• I think the biggest thing that helps me when there are changes in my schedule is really just reassessing what are my realistic expectations and then adjusting those because you know, you can’t have the same expectations when the kids are around and you’re trying to work you – a successful day looks different.
  • So what are some things you would recommend to work through something like that? [Changes to your schedule]
    • That’s something that I’ve been working through, too. I’ve always prided myself in being very structured and I’m your systems girl and I’m your checklist girl and I’m your procedures girl and like you put a team together and I will like run that. So having these tiny little humans constantly interrupting me and throwing me off my flow and all this stuff, it was a huge mirror for me. [I would ask] why is it so hard for me to pivot and adjust? Why is being so tied to this structure something that’s so important [to] me? What am I making it mean if I’m not getting my 20 things done today and I’m only getting through 10? All of these stories that I had in my head were paradigms that I was invited to reframe and reshift. And then it allowed me to have so much more growth too. You know, this is an opportunity for me to be a little more flexible and grow in my flexibility. This is an opportunity.
    • That’s why I love coaching – because we have so many blind spots. It’s so hard for us to see all of that in our own lives. To sort of work with someone who has different modalities and different techniques and can do this like biography mining, where they’re going through your whole past and kind of pulling all this stuff out, you just start to see these connections that they seem obvious once you see them. You’re like, oh, that’s why I do what I do. And then you can start doing the work.
  • If you were to give somebody three steps to take away today, what are those beginning steps that they can do to start getting a good handle on this?
    • So for the mom rage, I think the first thing is to notice what’s triggering you and trying to examine it in a different way.
    • And then I think beyond that, I think a big part of it is just removing the expectation, the thought, the paradigm that our kids need a perfect parent because it’s not true. So just that can take so much pressure off of us. We’re going to make mistakes, it’s inevitable. We’re gonna lose our minds. We’re gonna snap, we’re gonna have moments that are less than perfect. They’re not gonna make our highlight real, but they’re gonna happen. 
    • And then the beautiful reminder with that is that in the repair process with our children, after that happens, there is so much beautiful teaching and growth and coaching that can happen there and parenting right as they see us. “Hey, I lost it on you this morning” and “I’m so sorry I got upset,” – apologizing, owning it as accountability and as responsibility, right? And then telling them “Hey, next time I’m gonna do this differently.” And then actually following through on that the next time builds trust with your kids and it teaches them this accountability and I care enough and I’m gonna try to make sure this doesn’t happen again.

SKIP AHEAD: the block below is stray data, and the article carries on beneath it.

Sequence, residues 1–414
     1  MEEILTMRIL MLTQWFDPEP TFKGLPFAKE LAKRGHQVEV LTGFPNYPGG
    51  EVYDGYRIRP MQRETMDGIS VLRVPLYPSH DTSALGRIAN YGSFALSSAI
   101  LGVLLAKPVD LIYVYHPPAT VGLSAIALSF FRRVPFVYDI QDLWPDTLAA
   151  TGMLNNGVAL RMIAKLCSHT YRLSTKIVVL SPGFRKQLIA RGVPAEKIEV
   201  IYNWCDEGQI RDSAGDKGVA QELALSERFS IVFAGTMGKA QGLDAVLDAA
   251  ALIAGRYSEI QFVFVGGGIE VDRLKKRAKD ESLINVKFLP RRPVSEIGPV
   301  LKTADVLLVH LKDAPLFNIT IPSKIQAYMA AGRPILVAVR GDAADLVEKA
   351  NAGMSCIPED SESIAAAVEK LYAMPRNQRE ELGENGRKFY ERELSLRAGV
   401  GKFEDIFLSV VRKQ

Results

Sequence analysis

• And then I think another thing too is what I call fixing the glitches. We all have them. in our day, just notice, where am I getting triggered most?
  • I’ve talked to a lot of women who struggle to find that community when they’re at home with their kids. Do you have any recommendations? Where do you personally find that? Where have you gotten that community?
    • A lot of it requires getting us outta your comfort zone. So it’s at the park, it’s, you know seeing that mom that you’re like, all right, I think I could vibe with her. And just like striking up a conversation. I see the same woman that walks around my block every day pulling her two kids in a wagon. I’m like, man, one day I’m gonna talk to that woman. I think we’re gonna be friends. I drop off my kids at school and I have to catch myself cuz I’m like, girl, do not just put your head down, drop your kids off, and walk back to your car. Put your head up, smile at someone, and strike up a conversation.
    • We try and we give it time and you know, I think it just, it’s one of those things that just kind of happened. The people that are meant to be in your life, as long as you’re paying attention, you’ll cross paths with them and that beautiful friendship will grow. 
    • It can be hard, but be the first to extend an invitation. And if that sounds really triggering for you because it probably would’ve to me a few years ago, it’s like what a beautiful safe opportunity to stretch and grow. Because that like how you do one thing is how you do everything. Right. So if you can be a little bit bold and ask someone to go to Chick-fil-A with your kids, how’s that gonna translate in your business? How’s that gonna translate into all these other areas of your life?
  • Is there anything else you wanna leave our listeners with today? Any last tip for those struggling with that guilt or that rage or that lack of community?
    • I think my final piece of coaching would just be that when you find yourself in a moment where you’re feeling rage-y, curiosity over judgment every time. Like, well, where’s that coming from? What’s going on here? How can I fix this? Like, what’s showing up? What’s triggering this for me? Instead of – I think how we’re wired and our go-to is just like, whoa, I blew that. That sucked. That was awful. I regret it in all of that judgment. Right? So I try to tell myself, okay, curiosity over judgment and that will just shift so much for you.
  • Where can we find you, Michelle? Where are you? Where do you live on the internet and how can we hang out with you more?

Similar Posts

Leave a Reply

Your email address will not be published. Required fields are marked *